A more relaxed AGC release time would save us most of those too. I noticed AGC pumping effects from strong signals in the spectrum neighborhood only with a big antenna connected. But unfortunately there is more…
Stuff you have to live with:
In his great review, Thomas mentioned the auto mute sometimes interfering with reception. I noticed this too (with all bandwidths on SSB) and I credited this to very low noise figures. When the bandwidth is narrow (=less noise) or if you have a very low noise floor anyway like when tuning through 25-30MHz, the receiver gets muted over the entire chunk of spectrum, just to intermittently and pretty suddenly pass the noise again. Sounds like a broken antenna cable and has some potential to confuse people:
Too bad that setting auto mute to ’00’ doesn’t actually turn it off in SSB mode so there’s likely no remedy for that.
On my example, there is absolutely no difference between the 3kHz and 4kHz SSB filters. A working 4kHz filter would have been a good choice for ECSS reception.
Another remaining quirk at least on my specimen of the S-8800 is a slight FM modulation of an oscillator in SSB, particularly with strong signals. You can hear it best if you create a heterodyne or listen to CW, the tone sounds a bit hoarse, so do voices and I’m not sure whether or not this could affect narrow-bandwidth digimiode decoding. The front panel (namely the bandwidth knob area) is quite susceptible for “hand capacity”, the frequency varies a bit when you move your hand in front of the S-8800. This is not uncommon with portables of course, but my D-808 for example has its “Theremin playing area” on the back of the radio.
In this clip you can hear both the “hoarse” modulation and my hand waving to you.
This leads me to calibration and frequency drift. The S-8800 can be calibrated on SSB (see the “Hidden features” section below), however this turned out to be a (too) fast moving target. I don’t know if it’s the VFO or the BFO but it is so temperature-dependent that 6°C temperature difference equates to a quite substantial (for SSB) drift of 150Hz. Whatever oscillator it is, it seems to lack any temperature compensation measures, with all the implications that may have on relaxed SSB listening, digimode decoding and ECSS reception when the temperature isn’t quite stable where you want to use it. After calibrating it, it’s often slightly off again within the same minute. My cheap little D-808 won’t drift even when I take it from an overheated apartment into a -5°C cold winter storm.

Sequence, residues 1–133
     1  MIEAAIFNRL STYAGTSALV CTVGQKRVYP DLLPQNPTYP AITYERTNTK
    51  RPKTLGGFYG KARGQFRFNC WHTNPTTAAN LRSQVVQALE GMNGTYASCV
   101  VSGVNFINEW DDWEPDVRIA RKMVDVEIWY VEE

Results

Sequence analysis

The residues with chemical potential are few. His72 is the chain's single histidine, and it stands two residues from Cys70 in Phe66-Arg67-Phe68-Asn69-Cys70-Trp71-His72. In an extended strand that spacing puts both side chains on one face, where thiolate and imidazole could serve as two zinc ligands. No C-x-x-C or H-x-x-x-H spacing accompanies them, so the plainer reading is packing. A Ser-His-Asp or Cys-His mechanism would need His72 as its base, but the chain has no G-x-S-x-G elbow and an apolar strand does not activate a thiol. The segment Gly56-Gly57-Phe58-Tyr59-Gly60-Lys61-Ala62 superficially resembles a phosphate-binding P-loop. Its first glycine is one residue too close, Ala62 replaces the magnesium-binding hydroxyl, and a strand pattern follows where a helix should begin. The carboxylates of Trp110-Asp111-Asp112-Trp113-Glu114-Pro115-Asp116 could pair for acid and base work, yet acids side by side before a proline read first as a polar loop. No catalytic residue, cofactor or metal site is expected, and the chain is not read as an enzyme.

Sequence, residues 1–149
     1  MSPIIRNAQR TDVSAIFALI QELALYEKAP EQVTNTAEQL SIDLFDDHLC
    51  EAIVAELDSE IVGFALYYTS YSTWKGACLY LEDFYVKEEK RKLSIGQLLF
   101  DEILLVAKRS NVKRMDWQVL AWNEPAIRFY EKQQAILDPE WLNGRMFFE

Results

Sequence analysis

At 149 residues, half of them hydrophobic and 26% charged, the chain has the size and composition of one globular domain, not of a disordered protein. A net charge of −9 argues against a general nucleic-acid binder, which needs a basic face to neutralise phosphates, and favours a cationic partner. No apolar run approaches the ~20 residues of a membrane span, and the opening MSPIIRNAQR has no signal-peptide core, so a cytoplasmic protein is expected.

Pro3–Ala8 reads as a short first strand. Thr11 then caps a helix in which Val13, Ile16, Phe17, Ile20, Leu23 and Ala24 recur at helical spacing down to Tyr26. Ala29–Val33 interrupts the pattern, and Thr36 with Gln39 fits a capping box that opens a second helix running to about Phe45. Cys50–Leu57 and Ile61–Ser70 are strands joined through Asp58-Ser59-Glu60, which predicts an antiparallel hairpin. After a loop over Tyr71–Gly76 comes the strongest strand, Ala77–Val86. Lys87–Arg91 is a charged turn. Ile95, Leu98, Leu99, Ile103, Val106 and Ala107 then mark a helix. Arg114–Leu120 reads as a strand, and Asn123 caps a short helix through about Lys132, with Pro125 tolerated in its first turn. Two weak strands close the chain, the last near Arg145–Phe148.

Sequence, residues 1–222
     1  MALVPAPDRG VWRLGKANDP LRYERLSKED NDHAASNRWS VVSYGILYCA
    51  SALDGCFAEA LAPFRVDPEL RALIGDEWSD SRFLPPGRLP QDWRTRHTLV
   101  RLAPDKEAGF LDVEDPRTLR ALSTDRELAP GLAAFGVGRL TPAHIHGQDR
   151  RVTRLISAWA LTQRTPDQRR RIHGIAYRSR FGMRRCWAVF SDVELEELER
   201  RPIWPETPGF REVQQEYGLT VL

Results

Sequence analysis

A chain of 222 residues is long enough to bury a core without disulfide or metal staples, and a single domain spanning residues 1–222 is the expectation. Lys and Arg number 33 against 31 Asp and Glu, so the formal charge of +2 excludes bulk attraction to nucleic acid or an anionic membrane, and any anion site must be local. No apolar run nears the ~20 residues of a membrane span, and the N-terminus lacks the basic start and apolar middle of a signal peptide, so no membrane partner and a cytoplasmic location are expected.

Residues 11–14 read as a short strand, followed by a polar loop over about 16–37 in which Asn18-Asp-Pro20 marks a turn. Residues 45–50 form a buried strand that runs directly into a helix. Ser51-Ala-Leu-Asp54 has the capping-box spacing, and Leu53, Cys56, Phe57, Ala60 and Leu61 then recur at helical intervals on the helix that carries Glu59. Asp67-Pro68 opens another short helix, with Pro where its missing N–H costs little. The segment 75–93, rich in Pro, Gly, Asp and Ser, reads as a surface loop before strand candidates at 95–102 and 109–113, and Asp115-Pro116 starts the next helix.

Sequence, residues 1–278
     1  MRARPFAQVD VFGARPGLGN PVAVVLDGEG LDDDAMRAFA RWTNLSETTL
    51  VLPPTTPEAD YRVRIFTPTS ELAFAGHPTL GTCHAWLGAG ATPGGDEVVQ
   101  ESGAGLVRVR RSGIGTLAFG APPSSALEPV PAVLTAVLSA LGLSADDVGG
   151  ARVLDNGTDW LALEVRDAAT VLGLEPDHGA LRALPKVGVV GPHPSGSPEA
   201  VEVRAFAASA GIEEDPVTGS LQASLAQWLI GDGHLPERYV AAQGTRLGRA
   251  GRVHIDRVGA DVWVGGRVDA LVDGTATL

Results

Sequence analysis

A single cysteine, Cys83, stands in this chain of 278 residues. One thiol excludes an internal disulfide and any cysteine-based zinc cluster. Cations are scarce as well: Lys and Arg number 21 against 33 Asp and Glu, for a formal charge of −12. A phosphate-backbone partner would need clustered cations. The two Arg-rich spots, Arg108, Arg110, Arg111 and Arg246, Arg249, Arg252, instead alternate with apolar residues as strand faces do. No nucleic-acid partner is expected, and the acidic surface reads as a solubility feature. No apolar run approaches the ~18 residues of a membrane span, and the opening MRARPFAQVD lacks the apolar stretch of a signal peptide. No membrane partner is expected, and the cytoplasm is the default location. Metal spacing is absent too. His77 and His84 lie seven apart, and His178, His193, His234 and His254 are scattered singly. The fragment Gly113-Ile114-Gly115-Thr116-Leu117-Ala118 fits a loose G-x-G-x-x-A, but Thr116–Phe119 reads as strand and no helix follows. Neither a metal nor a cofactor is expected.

The good stuff
Now to the fun part! When I compared the SSB performance of the S-8800 with my PL-660 the first time, I found them very close for some reason. I could find only one weak station that came in noticeably better on the S-8800 and while I was happy that it wasn’t worse than the PL-660 I was also a bit disappointed.
Timeline: 0:00: PL-660, 0:10: S-8800 receiving the “Gander Radio” VOLMET.
Then I repeated the test a few days later, this time a bit more into the evening and the outcome was very, very different. The S-8800 won every single weak signal comparison with ease and sometimes in a way that made me think my PL-660 must be broken.
But then I could help the PL getting a lot closer by simply holding it in my hand, the difference was that I had placed the PL-660 differently so I could record both radios easier. The factor I forgot to put in the equation was that the S-8800 is absolutely not depending on anyone holding it to give it some counterpoise – that and the long whip is certainly a part of its advantage, and the receivers would be much closer when used with the same external antenna. With the radios just standing there tho (and that’s what most people will do with their radio instead of holding it in their hand), the difference is remarkable nonetheless and I also learned that you should always look and listen twice when testing radios!